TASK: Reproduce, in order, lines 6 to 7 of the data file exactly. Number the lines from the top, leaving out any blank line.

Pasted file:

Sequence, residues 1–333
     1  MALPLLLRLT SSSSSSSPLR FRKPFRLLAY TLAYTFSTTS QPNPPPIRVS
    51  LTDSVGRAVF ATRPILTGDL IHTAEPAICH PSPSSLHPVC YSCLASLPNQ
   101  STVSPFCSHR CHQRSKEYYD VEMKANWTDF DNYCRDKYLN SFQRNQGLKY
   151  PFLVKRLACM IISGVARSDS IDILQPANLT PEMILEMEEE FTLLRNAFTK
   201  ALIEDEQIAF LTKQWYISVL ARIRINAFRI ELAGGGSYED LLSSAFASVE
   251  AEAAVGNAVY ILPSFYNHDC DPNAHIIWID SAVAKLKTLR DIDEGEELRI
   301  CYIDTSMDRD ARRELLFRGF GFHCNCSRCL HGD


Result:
   201  ALIEDEQIAF LTKQWYISVL ARIRINAFRI ELAGGGSYED LLSSAFASVE
   251  AEAAVGNAVY ILPSFYNHDC DPNAHIIWID SAVAKLKTLR DIDEGEELRI